Baby, brain, Benjamin

I just realized that it’s been two months since I posted here at ThinkHardThinkWell. Let me give a quick update…

Corrie is now 38 weeks pregnant. She is ready to go at any time now! We are hoping that Elizabeth Shoshanah makes her ex utero appearance sooner rather than later because…

…Corrie’s father, Joe, will be having surgery on July 10 to remove a brain tumor. About a month ago, Joe started acting strange–zoned out, and unable to speak much–and we were all suspicious. I drove him to the hospital for tests, and on our way he had a seizure that lasted about a minute. Once in the hospital, the doctors were unable to determine definitively the cause. Then he saw another specialist last week, and it turns out that he has a brain tumor–which appears to have grown in the three weeks between MRIs.

Needless to say, we are all quite nervous. We just got through Claudia’s bout with ovarian cancer, which–in God’s mercy–was discovered at stage two last summer and treated immediately. She is now cancer free and regaining strength after five months of chemo. And now Joe, the healthy one, needs brain surgery, followed by recovery and (perhaps) further treatment depending on the type of tumor they find.

Sometimes I wonder if I brought all this on our family by choosing to study Lamentations. OTOH, Claudia’s illnesses began long before I joined the family or even knew Corrie. Why do these things happen to godly people? Man’s oldest question has a biblical answer that is at least intellectually tolerable, if not emotionally satisfying. Sin brings death and sickness–not the individual’s sin, but Adam’s and Eve’s. Check. But why? Why Joe? Why us? The only way forward is to cling to the hope that a God who allows sin and death has some purpose greater than we can imagine, and that he has experienced the worst of suffering and death Himself–at the cross.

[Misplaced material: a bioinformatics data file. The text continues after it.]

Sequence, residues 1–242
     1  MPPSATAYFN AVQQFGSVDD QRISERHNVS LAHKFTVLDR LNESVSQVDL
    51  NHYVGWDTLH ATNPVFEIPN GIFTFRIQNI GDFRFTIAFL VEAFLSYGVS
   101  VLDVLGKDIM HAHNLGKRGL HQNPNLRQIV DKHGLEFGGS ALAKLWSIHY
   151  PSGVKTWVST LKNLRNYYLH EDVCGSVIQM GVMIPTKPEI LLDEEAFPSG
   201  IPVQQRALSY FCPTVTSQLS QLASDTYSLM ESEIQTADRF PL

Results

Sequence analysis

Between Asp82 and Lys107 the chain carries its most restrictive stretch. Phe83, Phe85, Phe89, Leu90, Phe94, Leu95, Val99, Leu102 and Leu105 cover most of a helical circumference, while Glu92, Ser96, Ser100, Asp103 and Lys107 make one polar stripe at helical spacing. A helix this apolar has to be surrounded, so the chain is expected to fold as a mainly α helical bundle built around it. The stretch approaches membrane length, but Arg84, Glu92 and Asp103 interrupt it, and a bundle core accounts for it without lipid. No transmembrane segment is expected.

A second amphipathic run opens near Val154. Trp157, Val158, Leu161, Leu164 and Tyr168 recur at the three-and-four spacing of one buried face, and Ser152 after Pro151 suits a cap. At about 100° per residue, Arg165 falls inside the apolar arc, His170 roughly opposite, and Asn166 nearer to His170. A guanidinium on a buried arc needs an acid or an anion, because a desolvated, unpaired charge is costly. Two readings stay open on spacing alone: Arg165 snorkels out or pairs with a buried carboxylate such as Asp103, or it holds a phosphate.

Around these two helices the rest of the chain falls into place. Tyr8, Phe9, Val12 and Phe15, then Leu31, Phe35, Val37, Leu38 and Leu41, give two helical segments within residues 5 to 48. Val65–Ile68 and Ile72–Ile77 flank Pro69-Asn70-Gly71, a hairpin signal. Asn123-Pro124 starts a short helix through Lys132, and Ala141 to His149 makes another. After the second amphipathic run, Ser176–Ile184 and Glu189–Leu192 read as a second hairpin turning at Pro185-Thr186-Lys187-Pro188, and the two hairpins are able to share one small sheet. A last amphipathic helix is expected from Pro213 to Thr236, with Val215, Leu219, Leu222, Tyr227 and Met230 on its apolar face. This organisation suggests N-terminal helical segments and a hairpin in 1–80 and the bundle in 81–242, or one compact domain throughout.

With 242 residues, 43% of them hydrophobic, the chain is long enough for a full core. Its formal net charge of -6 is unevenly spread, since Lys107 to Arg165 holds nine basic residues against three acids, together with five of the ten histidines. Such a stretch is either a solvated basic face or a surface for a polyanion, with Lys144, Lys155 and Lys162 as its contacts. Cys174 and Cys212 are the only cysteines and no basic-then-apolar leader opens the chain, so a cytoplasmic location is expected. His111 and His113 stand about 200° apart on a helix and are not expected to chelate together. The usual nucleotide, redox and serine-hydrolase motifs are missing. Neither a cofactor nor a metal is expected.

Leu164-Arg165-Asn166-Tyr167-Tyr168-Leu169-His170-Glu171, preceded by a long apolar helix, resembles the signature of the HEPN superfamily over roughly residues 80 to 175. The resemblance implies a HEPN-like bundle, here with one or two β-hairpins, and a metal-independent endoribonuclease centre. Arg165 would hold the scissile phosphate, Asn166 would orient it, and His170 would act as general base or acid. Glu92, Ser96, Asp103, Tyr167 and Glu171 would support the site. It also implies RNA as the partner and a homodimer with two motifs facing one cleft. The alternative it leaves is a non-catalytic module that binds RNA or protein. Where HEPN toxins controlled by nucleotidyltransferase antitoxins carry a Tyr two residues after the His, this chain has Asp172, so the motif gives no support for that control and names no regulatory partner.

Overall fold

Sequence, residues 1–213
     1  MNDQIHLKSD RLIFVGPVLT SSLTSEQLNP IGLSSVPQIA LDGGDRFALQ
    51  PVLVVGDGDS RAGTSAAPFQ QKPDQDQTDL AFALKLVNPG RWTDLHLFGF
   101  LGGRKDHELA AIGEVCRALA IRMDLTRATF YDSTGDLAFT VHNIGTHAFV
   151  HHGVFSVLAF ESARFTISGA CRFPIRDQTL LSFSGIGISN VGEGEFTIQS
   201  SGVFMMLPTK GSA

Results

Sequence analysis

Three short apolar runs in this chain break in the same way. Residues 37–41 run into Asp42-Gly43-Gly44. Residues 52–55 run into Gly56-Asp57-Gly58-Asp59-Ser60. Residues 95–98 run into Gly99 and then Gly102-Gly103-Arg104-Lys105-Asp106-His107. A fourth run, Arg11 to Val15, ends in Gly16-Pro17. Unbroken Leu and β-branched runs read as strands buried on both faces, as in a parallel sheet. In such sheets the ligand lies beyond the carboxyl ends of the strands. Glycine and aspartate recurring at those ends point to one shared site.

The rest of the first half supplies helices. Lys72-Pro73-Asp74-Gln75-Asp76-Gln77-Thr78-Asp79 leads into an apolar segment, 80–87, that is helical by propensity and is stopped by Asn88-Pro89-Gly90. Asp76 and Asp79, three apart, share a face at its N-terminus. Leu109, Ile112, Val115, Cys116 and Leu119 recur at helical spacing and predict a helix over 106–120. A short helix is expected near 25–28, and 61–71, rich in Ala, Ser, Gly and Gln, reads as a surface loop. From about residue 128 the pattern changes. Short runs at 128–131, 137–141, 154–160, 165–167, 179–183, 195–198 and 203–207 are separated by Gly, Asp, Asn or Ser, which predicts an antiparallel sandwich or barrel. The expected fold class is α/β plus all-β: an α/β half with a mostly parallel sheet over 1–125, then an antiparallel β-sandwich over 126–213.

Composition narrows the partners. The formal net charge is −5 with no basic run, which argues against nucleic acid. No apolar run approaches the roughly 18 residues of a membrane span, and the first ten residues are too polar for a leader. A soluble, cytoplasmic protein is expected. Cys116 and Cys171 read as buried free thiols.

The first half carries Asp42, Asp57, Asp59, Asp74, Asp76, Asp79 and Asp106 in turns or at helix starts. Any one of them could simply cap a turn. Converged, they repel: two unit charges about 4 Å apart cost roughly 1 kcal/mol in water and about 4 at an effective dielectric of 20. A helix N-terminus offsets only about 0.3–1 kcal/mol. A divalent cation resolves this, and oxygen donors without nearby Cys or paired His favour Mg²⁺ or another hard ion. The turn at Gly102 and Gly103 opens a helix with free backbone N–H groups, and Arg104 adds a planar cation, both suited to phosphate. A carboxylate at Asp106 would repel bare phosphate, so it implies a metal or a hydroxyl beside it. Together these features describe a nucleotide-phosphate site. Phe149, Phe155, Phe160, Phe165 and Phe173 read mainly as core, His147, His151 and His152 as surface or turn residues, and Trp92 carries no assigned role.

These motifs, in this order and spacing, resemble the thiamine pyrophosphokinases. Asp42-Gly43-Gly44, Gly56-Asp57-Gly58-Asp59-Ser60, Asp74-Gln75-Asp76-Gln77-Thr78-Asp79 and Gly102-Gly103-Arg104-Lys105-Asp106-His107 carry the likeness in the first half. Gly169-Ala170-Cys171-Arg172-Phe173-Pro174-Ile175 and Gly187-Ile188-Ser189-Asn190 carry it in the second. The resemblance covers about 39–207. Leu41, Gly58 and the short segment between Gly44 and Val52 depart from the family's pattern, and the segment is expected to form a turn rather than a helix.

My research on the tribe of Benjamin in the Deuteronomistic History and Chronicles rolls along. I have completed five out of seven chapters of my dissertation, and I am reaching that critical point where I want so desperately to be finished, but need to muster that discipline to finish strong–because this is the most important part. I am looking forward to November, when I can be free of this wonderful but heavy burden. I have so many other research ideas that have been on hold, because a full-time job, a part-time ministry, a dissertation, and a family (oh–right–a family!) leave no time for side-research.

Blessed be YHWH’s name. More updates to come, with (d.v.) baby photos and recovery stories. Thanks for stopping by, San Diego.

About Benj

I’m a native North Jerseyan, transplanted to Pennsylvania...lived and taught in Eastern Europe for six years…Old Testament professor, ordained minister, occasional liturgist…husband to Corrie…father to Daniel and Elizabeth.
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2 Responses to Baby, brain, Benjamin

  1. Pingback: Elizabeth Shoshanah Giffone | think hard, think well

  2. Pingback: Best of 2013 | think hard, think well

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